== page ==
Thursday, December 1, 2016
Rhythms of Rest by Shelly Miller
Finding the Spirit of Sabbath in a Busy World
For those who are feeling overwhelmed and burdened by life, who feel like they go 24 hours a day, 7 days a week and never have a break, this book is for you. Shelly is big on finding a rhythm of rest that is a part of your life. It doesn't matter how busy you are, take a day or start with an hour or two, plan it into your schedule, prep your meals in advance and take the time to rest.
Rest can be different for all of us. For some crafting is rest, for others it's a drudgery. For some cooking is restful, for some it's a necessary evil. For some reading would be rejuvenating, for other it would be a job to plod through. Take the time, be still, let your mind rest and just soak up Sabbath and God and what He is telling you.
I'm not sure if I agree with everything she shared in the book, but I find the theme and the various components of it so necessary. Our bodies need rejuvenation, our souls need rest and worship and if we don't take the time to make those things a regular part of our lives, too often illness will make us take a forced Sabbath and that can be doubly hard. This is not to say that if you rest, you will never be sick.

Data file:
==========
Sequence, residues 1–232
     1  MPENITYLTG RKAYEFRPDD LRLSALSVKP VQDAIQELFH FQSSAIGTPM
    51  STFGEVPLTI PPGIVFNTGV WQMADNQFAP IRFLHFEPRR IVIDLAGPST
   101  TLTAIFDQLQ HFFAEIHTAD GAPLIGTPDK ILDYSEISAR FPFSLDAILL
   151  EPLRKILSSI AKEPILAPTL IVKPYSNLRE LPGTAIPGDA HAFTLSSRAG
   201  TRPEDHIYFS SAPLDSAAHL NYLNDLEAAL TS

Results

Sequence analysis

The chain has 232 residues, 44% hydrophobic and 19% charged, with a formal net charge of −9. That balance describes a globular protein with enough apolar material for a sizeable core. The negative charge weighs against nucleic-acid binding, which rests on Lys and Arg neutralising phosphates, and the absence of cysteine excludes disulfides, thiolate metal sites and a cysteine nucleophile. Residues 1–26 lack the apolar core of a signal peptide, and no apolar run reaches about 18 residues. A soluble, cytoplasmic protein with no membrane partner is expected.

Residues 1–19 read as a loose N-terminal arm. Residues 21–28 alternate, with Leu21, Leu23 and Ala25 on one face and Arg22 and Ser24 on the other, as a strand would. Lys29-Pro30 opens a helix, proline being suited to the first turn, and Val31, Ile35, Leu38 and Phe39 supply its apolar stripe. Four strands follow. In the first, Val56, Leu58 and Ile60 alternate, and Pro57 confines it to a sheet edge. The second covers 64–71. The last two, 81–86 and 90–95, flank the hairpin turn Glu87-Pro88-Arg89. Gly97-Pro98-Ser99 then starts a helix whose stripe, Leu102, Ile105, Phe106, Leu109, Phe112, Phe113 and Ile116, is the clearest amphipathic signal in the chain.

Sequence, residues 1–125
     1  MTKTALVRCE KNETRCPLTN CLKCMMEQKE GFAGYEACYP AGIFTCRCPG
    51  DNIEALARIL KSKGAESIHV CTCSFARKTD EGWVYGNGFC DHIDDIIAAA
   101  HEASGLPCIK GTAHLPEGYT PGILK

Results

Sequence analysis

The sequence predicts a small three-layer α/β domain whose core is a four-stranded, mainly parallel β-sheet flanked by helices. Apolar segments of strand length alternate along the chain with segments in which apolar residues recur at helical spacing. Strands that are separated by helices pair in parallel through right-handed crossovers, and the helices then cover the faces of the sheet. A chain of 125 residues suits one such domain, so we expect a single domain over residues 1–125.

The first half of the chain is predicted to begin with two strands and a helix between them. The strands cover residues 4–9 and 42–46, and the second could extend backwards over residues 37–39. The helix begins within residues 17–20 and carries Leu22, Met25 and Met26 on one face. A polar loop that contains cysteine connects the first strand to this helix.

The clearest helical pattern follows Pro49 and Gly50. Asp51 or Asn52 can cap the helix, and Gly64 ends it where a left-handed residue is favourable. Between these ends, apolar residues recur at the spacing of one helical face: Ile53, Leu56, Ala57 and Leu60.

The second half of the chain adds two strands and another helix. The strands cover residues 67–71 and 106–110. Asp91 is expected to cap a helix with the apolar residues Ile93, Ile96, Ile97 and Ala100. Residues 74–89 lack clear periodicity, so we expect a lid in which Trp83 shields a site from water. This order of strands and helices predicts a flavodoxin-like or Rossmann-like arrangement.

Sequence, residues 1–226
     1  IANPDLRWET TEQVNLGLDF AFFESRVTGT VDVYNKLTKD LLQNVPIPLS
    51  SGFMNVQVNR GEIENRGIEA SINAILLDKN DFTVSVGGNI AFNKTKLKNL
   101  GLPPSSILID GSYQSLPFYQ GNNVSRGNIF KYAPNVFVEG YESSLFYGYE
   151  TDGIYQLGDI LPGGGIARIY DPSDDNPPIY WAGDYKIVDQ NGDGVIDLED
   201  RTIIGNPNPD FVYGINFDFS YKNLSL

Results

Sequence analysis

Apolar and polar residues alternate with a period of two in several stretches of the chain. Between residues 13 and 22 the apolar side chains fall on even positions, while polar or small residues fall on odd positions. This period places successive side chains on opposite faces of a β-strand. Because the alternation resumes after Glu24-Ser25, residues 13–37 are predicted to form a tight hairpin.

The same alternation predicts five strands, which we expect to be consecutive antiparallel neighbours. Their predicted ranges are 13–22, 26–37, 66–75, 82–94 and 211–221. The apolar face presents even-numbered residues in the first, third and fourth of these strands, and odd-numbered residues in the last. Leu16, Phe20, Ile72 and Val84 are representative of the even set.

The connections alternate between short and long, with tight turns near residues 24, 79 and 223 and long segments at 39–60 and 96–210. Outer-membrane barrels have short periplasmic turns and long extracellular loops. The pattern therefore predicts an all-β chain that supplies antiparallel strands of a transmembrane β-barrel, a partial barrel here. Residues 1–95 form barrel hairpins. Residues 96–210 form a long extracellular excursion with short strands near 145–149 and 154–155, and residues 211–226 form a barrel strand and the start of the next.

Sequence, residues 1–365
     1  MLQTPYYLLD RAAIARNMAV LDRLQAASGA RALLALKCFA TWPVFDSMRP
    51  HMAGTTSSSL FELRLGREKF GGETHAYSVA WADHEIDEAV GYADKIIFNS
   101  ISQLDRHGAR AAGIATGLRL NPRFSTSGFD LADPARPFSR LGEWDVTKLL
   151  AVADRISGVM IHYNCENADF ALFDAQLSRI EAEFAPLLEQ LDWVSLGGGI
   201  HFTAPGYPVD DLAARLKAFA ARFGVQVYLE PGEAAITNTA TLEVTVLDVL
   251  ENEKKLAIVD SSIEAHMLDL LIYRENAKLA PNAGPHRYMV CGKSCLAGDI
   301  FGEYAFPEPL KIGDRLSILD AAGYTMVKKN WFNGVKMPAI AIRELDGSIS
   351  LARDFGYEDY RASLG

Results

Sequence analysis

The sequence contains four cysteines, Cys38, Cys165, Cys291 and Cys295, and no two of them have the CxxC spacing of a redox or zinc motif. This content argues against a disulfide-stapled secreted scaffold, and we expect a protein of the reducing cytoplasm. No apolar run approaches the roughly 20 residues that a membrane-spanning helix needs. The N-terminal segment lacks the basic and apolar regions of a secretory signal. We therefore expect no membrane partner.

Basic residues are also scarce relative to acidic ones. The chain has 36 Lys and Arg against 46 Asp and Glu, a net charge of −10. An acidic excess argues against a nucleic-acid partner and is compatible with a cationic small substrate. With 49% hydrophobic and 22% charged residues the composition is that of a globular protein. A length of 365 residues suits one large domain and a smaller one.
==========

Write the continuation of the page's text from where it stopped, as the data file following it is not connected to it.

So when I read books like this, I have started to put sticky notes throughout the book at places I want to quote in my book review. The problem is now to find the sticky note and then to remember what stood out to me at the time. I need to decide that reusing the sticky note (when I literally have a drawer full of them) is unnecessary and so I should write my thoughts out on the sticky note so I have them. Anyway, let's see which ones I can find.
"When we abide in Jesus, all our questions about how we Sabbath are answered in who we worship....What begins as a sacrifice of time becomes a willing surrender the more we choose it. We long for rest, and the Lord of the Sabbath longs for communion with us.
"God is less interested in how we spend our Sabbath than that he has our undivided attention."
"Sabbath is a time to transition from human doings to human beings." Matthew Sleeth, 24/6
"I'm learning that when we say yes to God and let go of the need for certainty, that doesn't mean he'll grant our every wish or provide rescue with instant security. God cares more about our transformation into his image than immediate relief." Ouch, this is not a popular thought in today's culture. We want to be like Christ, yes we do, but we want it right now without anything bad happening to us, thank you very much.
I did enjoy this book. I think for me, Sunday has always been a day of rest for me, so the concept was not new, but the taking time to be quiet and think and reflect is definitely something I could do better on. Sunday is often the day that I spend the least time in quiet and reflection. And I don't think both have to be done on the same day either.
This book was given to me by Bethany House Publishers. There is no requirement that I write a positive review.
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